World No. 1 Novak Djokovic has come to Paris hunting his 21st major and his 3rd Roland Garros title at the 2022 French Open. The Serbian is the defending champion at this year’s French Open and he has started in a similar fashion picking a rampant straight-set win in the first round.
Djokovic was up against Japanese player Yoshihito Nishioka in the first round and won the match 6-3, 6-1, 6-0 in just under the 2-hour mark. During the match, however, one thing that got the attention was the celebrations of the Serb on winning points during the match which included loud roars and fist pumps on his chest during the first night session of the Grand Slam. The celebrations caught the eye of former British Pro Tim Henman who tried analysing the celebrations which led to Novak being booed.
“His performance was one thing, his ball striking, the consistency on serve, but I was surprised by his attitude, he was so pumped up. There was a lot of fist-pumping, the screaming and shouting out, for a first-round match at a Grand Slam, for someone who has won 20 of them, is that a reflection of what happened in Australia where he didn’t get the opportunity? This is his next opportunity to get to 21 and he is so pumped up.
“You saw from the word go he was so motivated, focused and fired up, ready to get the job done and that’s what he did. He is trending in the right direction. He is maybe a little bit underdone but getting the victory in Rome and to come here and make a little bit of a statement. Some of the other top players got off to good starts and Djokovic would have been aware of that, you saw all aspects of his game, his movement, his game, his touch, it really was a complete performance. He steamrolled Nishioka,” said Tim speaking on Eurosport.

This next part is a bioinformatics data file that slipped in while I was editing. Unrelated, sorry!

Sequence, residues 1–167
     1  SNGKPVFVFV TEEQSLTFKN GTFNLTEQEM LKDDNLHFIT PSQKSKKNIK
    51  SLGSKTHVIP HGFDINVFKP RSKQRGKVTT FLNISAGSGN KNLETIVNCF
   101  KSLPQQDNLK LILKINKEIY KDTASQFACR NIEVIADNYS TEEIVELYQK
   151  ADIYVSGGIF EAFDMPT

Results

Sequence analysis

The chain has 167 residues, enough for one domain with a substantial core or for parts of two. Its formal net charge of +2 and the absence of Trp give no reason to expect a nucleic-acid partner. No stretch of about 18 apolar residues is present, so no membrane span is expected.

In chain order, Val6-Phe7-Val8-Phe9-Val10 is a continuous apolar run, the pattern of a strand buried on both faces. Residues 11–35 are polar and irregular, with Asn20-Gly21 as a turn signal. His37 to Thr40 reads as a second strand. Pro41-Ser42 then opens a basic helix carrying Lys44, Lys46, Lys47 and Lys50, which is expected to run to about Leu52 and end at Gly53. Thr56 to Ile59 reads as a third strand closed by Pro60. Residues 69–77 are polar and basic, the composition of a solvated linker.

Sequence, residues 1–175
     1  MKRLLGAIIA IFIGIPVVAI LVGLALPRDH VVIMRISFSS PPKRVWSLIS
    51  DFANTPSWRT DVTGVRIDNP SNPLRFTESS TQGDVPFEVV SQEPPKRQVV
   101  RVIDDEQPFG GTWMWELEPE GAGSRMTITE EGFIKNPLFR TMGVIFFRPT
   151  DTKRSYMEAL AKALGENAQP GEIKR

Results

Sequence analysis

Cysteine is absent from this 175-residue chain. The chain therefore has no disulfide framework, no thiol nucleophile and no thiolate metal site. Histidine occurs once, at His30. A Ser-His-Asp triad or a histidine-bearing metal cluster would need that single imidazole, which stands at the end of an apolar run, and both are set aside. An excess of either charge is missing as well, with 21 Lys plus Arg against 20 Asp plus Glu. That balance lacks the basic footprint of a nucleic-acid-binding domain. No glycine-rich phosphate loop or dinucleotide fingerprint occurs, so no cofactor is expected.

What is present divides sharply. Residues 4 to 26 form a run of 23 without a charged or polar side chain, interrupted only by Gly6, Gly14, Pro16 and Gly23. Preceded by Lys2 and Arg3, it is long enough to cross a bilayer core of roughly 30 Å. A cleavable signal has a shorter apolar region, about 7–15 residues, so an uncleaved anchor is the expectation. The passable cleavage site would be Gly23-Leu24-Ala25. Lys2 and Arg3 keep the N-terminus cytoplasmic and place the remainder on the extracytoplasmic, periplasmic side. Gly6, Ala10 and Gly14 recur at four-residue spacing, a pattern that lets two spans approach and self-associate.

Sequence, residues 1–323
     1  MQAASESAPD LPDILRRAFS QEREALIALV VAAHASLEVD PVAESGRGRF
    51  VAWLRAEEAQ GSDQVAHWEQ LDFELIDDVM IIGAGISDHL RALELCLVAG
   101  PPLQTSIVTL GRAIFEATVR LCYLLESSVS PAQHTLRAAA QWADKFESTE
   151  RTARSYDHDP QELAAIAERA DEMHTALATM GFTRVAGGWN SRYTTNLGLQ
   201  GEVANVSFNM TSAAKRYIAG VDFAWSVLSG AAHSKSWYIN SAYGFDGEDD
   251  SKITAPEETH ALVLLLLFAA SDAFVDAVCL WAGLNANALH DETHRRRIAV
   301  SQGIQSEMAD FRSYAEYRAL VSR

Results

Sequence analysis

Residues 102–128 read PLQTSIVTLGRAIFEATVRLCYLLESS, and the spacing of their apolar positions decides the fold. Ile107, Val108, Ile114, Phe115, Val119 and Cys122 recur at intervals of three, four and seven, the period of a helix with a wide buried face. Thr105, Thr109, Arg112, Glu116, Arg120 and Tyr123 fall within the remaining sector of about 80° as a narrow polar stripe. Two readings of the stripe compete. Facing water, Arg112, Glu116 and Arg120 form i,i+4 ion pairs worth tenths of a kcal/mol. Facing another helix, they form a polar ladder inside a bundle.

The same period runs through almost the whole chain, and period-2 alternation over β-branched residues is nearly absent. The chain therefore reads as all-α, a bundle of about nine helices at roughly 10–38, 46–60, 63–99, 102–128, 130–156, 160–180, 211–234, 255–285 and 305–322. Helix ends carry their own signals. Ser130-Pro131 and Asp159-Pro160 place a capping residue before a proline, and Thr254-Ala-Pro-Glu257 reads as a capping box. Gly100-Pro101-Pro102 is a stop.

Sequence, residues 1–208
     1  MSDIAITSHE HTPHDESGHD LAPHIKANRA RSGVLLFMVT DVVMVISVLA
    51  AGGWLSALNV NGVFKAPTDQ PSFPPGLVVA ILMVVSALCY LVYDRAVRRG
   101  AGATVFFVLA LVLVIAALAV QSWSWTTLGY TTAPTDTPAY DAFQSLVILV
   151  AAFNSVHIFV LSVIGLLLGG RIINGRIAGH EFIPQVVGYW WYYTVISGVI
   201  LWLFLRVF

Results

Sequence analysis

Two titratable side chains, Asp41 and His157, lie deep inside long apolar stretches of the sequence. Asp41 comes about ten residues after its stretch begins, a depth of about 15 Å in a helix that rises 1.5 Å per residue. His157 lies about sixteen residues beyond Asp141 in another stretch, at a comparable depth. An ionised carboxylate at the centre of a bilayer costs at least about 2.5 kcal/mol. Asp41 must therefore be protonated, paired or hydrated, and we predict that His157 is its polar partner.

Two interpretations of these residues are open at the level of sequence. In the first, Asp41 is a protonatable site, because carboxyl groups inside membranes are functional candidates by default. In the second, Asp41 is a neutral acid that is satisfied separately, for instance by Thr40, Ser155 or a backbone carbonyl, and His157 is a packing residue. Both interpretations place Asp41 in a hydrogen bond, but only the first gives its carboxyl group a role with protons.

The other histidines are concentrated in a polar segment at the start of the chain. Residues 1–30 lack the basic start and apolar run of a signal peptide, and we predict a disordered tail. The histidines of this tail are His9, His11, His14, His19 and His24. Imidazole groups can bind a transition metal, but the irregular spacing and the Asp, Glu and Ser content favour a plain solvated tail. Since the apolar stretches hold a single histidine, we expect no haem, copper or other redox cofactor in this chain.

Novak Djokovic wanted to prove he’s going to win the French Open says Mischa Zverev
Speaking about the incident was also German Pro Mischa Zverev, the elder brother of current World No. 3 Alexander Zverev. Mischa also shared the same opinion of Henman over the celebrations being a statement by Djokovic that he is well and truly back on the court.
“This is his first Grand Slam this year – he wanted to prove to everyone: I’m here, I won Rome, I’m playing well – and I’m going to win this. He wanted to send a message. In Monte Carlo, he really didn’t play well and lost early. Before the tournament, he had practised with Sascha [Zverev], and he really looked slower than usual. His strokes were also not so well placed. Normally, you don’t see the top players on the venue when they have lost, but he was on the grounds one or two days later on the last court at the back.
“Practising there and you could see, okay, he is hungry, he really wants to improve his game. He doesn’t care if there are other spectators if the quarter-finals or semi-finals are on. He is not part of it. It didn’t matter to him at all. He had one goal in mind: he had to improve. That took a few weeks now, but he won in Rome in the final against [Stefanos] Tsitsipas – that’s also quite a statement. He really is a player who knows his body and his game inside out like no other. He is like from another star,” said Mischa.
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